The Last of Us’ Splendid, Standard Storytelling

It’s not innovative, but it is still impressive.


Back in 2013, Naughty Dog released The Last of Us on Playstation 3. The aura surrounding the game was electric, with copies sold as numerous as its accolades. However, there has been mounting criticism regarding the game’s storytelling, mainly directed at the fact that the tale of Joel and Ellie is told through methods associated with movies rather than games. Having finished the game for the first time recently, I would say that this is an unfair assessment. Though the storytelling is traditional, The Last of Us is uniquely a video game, and if that rumored film adaptation ever comes out, something will certainly be missing.

For a quick example of what I’m talking about, check out this video (be wary of foul language, if you’re sensitive to that sort of thing).  At the timestamp 29:24, two journalists from the dearly-departed GameTrailers express their opposing views on The Last of Us and, though I respect them both, I can’t help but feel that the one in opposition to it is wanting the game to be something that it’s not.  The Last of Us makes no efforts to depart with tradition; it tells its story just as all video games have since the 16-bit era. Gameplay and cutscenes live within two separate spheres. No matter how liberally the game may cut between the two, there are still those couple of frames of darkness in transition between them. Though I understand the frustration of players who see it as using the toolkit of another medium rather than showcasing what makes video games special as a way in which to deliver narrative, this comparison is only superficial. The thing is, the gameplay of The Last of Us really does enhance its story, and offers active players a way to consume the narrative that a passive viewer would miss out on.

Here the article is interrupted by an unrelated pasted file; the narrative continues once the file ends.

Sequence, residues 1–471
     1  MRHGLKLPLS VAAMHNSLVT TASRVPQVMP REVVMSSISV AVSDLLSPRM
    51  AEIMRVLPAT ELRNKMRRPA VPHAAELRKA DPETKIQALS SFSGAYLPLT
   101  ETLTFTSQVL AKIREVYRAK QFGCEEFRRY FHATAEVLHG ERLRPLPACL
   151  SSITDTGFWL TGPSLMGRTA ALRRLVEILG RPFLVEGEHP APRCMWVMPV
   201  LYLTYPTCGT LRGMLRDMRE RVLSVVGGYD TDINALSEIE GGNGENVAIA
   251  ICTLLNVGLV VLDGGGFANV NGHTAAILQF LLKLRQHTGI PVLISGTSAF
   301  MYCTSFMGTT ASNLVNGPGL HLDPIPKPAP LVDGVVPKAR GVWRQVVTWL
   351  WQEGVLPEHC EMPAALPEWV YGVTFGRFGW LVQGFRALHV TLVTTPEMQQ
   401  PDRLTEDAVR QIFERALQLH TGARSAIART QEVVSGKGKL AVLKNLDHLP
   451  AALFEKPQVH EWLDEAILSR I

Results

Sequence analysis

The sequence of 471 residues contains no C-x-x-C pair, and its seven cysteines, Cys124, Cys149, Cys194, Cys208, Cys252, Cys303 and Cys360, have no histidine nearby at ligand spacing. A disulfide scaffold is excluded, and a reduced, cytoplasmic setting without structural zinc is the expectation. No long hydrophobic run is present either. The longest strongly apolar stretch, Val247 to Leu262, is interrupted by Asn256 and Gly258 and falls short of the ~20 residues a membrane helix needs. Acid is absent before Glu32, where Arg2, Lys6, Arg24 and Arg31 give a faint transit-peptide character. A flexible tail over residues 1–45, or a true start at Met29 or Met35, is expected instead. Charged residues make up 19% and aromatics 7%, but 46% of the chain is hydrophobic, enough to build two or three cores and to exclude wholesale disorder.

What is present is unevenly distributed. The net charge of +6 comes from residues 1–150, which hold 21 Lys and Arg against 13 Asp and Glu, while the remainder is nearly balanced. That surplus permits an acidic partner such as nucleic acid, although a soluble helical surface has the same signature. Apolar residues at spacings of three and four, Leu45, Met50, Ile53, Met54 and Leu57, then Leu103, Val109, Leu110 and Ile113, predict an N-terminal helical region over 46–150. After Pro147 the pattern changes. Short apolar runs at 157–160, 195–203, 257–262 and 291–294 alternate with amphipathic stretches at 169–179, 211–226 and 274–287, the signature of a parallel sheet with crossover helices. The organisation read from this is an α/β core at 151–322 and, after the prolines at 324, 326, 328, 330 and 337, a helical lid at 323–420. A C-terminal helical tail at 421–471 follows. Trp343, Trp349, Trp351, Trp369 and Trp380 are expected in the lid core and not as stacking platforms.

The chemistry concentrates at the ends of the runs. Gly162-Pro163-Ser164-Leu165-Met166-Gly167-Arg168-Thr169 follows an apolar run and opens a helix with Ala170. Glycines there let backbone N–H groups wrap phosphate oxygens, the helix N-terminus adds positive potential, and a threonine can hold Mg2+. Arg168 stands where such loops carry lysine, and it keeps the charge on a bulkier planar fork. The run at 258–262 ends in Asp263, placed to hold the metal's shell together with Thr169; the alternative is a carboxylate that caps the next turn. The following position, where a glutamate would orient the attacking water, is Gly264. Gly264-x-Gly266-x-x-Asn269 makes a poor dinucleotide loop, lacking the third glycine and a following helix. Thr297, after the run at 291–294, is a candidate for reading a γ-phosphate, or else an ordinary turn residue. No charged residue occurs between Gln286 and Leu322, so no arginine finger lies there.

Just about anyone who has played The Last of Us will be clamoring to tell you about how intense the gameplay can be. Resolute with the standards set down by survival horror games of days yore, ammo is scarce. While out and about, players’ magazines will only remain filled if they conscientiously scour the ruins they find themselves in. Because of the light weight of my backpack at any given time, I was much more likely to turn to stealth than an all-out brawl in any given encounter. There are few games that have made my palms sweat quite as much as The Last of Us. There’s nothing like creeping up behind an enemy, my last shiv lying broken in the neck of a foe in the last room, with only a handful of bullets between my firearms. That sort of high-stakes gameplay serves only to enhance the story Naughty Dog tells through the game. Though this isn’t something like a Souls game, where the story is told through lore that the player has to uncover through gameplay, the times where players’ hands are on the controller aren’t just a wash in the narrative department. When you finally get to set yourself upon your foe, the animations are suitably violent. Enemies hit with bats will reel, clutching their face in agony. Opponents getting asphyxiated will gasp for air, clawing at Joel’s face in hopes of survival. The brutality of the minute-to-minute gameplay brings players into the world more than a movie ever could. They get to feel the desperation the characters do when they’ve just run out of medical kits with a horde of infected barreling their way, and the grim totality of the kill when they prevail.